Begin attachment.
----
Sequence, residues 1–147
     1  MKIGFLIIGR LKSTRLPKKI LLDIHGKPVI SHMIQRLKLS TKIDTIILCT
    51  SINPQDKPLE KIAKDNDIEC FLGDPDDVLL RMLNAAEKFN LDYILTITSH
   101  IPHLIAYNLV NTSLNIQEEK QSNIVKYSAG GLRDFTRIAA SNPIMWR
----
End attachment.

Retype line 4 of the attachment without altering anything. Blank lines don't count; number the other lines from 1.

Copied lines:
   101  IPHLIAYNLV NTSLNIQEEK QSNIVKYSAG GLRDFTRIAA SNPIMWR